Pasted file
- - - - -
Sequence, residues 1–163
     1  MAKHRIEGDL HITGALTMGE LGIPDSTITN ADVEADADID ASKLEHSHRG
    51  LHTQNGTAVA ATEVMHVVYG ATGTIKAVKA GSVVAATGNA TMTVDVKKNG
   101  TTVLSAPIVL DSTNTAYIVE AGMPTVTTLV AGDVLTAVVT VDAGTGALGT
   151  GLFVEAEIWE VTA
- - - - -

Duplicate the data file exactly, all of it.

Sequence, residues 1–163
     1  MAKHRIEGDL HITGALTMGE LGIPDSTITN ADVEADADID ASKLEHSHRG
    51  LHTQNGTAVA ATEVMHVVYG ATGTIKAVKA GSVVAATGNA TMTVDVKKNG
   101  TTVLSAPIVL DSTNTAYIVE AGMPTVTTLV AGDVLTAVVT VDAGTGALGT
   151  GLFVEAEIWE VTA